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Annales Geophysicae An interactive open-access journal of the European Geosciences Union
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Volume 32, issue 9
Ann. Geophys., 32, 1145-1152, 2014
https://doi.org/10.5194/angeo-32-1145-2014
© Author(s) 2014. This work is distributed under
the Creative Commons Attribution 3.0 License.
Ann. Geophys., 32, 1145-1152, 2014
https://doi.org/10.5194/angeo-32-1145-2014
© Author(s) 2014. This work is distributed under
the Creative Commons Attribution 3.0 License.

Regular paper 16 Sep 2014

Regular paper | 16 Sep 2014

Ionospheric shock waves triggered by rockets

C. H. Lin1,2, J. T. Lin1, C. H. Chen1, J. Y. Liu3,4, Y. Y. Sun3,5, Y. Kakinami6, M. Matsumura7, W. H. Chen1, H. Liu8, and R. J. Rau1 C. H. Lin et al.
  • 1Department of Earth Sciences, National Cheng Kung University, Tainan, Taiwan
  • 2Earth Dynamic System Research Center, National Cheng Kung University, Tainan, Taiwan
  • 3Institute of Space Science, National Central University, Chung-Li, Taoyuan, Taiwan
  • 4National Space Organization, Hsinchu, Taiwan
  • 5CIRES, University of Colorado at Boulder, Boulder, CO, USA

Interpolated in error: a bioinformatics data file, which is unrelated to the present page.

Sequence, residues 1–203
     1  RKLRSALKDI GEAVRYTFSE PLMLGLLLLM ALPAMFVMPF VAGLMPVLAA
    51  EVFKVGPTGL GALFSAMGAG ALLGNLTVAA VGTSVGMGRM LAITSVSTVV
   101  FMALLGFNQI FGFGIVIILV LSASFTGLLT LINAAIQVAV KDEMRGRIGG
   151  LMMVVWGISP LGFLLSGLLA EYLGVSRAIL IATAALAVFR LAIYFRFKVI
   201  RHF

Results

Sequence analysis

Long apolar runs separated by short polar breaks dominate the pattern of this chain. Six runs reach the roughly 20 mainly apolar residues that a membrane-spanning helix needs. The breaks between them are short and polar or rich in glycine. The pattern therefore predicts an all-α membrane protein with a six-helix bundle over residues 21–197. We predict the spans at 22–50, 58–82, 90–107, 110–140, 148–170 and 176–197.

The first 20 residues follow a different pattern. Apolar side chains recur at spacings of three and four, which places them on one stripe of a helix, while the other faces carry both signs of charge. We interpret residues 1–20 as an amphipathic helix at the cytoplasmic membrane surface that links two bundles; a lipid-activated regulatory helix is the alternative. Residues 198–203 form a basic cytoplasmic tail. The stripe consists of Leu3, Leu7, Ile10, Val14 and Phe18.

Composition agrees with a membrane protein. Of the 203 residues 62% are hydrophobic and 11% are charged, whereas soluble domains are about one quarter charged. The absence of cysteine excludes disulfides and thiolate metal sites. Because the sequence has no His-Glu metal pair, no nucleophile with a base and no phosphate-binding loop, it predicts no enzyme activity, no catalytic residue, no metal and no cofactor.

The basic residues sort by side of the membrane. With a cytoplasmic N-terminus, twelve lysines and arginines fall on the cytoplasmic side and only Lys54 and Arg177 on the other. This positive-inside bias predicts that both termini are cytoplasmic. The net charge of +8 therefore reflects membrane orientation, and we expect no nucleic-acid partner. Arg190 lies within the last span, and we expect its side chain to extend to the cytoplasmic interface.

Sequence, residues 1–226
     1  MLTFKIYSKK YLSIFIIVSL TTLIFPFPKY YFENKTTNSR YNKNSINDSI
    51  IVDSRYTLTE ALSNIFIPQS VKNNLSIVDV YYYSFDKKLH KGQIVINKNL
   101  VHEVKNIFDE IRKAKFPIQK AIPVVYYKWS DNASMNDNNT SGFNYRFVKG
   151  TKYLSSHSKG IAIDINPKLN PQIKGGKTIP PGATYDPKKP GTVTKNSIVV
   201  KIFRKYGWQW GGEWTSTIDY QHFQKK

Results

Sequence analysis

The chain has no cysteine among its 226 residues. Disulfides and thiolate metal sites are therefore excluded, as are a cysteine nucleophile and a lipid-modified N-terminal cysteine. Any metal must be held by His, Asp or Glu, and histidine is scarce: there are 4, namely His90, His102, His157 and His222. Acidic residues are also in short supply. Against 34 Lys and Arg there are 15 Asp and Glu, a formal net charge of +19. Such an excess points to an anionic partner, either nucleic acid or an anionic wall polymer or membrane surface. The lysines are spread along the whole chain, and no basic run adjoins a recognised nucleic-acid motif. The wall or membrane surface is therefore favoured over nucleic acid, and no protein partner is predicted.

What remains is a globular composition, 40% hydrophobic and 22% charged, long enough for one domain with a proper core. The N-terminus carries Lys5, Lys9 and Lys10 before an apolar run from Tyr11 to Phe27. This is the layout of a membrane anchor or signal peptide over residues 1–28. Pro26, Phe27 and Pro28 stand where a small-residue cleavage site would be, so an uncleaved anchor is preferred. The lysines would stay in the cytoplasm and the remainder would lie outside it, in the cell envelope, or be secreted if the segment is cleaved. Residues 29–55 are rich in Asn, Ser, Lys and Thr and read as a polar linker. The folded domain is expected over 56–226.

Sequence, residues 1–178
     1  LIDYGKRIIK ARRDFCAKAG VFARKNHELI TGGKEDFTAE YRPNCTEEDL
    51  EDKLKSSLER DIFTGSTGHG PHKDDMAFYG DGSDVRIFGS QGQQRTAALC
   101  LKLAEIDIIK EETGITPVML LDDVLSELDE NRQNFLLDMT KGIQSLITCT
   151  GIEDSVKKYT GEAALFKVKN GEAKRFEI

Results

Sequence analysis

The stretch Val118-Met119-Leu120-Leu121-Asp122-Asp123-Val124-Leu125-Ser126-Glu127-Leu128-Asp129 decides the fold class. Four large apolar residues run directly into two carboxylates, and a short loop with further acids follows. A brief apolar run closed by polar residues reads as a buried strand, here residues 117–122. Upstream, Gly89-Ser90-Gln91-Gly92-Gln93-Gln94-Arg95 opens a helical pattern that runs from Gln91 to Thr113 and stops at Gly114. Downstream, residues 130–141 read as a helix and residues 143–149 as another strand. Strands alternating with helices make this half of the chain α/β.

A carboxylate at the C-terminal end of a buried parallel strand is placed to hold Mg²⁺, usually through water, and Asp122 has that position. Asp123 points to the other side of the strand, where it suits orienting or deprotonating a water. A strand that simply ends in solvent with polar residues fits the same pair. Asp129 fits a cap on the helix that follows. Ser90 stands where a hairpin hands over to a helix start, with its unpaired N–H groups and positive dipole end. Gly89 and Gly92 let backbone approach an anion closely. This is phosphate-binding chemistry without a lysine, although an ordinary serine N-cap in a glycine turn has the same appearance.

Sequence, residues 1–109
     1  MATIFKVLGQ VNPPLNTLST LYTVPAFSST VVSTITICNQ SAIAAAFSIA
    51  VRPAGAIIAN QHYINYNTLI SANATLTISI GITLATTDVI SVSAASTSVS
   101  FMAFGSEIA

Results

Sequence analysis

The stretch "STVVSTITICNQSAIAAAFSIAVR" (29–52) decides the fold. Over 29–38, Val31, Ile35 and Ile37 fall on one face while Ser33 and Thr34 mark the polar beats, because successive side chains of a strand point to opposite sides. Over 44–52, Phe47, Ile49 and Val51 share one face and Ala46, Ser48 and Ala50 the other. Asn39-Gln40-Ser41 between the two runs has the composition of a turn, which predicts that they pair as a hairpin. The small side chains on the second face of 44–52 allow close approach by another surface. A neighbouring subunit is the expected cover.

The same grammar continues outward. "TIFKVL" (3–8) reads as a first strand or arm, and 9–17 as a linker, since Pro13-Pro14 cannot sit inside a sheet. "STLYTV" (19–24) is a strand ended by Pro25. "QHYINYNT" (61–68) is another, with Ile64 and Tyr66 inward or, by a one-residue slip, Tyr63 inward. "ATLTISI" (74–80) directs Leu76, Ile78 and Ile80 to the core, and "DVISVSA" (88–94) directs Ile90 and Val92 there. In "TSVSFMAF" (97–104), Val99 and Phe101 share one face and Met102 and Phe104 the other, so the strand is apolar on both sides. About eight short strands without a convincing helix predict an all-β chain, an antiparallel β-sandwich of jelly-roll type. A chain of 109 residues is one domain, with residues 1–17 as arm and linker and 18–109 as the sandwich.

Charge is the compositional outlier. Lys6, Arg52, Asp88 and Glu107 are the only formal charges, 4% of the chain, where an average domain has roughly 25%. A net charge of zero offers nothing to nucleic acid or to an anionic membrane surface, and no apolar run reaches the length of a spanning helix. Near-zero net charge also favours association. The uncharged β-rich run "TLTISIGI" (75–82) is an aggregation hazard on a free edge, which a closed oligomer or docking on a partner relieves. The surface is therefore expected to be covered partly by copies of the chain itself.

• 6School of Systems Engineering, Kochi University of Technology, Kami, Kochi, Japan
  • 7National Institute of Polar Research, Research Organization of Information and Systems, Tokyo, Japan
  • 8Department of Earth and Planetary Science, Faculty of Science, Kyushu University, Fukuoka, Kyushu, Japan

Abstract. This paper presents a two-dimensional structure of the shock wave signatures in ionospheric electron density resulting from a rocket transit using the rate of change of the total electron content (TEC) derived from ground-based GPS receivers around Japan and Taiwan for the first time. From the TEC maps constructed for the 2009 North Korea (NK) Taepodong-2 and 2013 South Korea (SK) Korea Space Launch Vehicle-II (KSLV-II) rocket launches, features of the V-shaped shock wave fronts in TEC perturbations are prominently seen. These fronts, with periods of 100–600 s, produced by the propulsive blasts of the rockets appear immediately and then propagate perpendicularly outward from the rocket trajectory with supersonic velocities between 800–1200 m s−1 for both events. Additionally, clear rocket exhaust depletions of TECs are seen along the trajectory and are deflected by the background thermospheric neutral wind. Twenty minutes after the rocket transits, delayed electron density perturbation waves propagating along the bow wave direction appear with phase velocities of 800–1200 m s−1. According to their propagation character, these delayed waves may be generated by rocket exhaust plumes at earlier rocket locations at lower altitudes.

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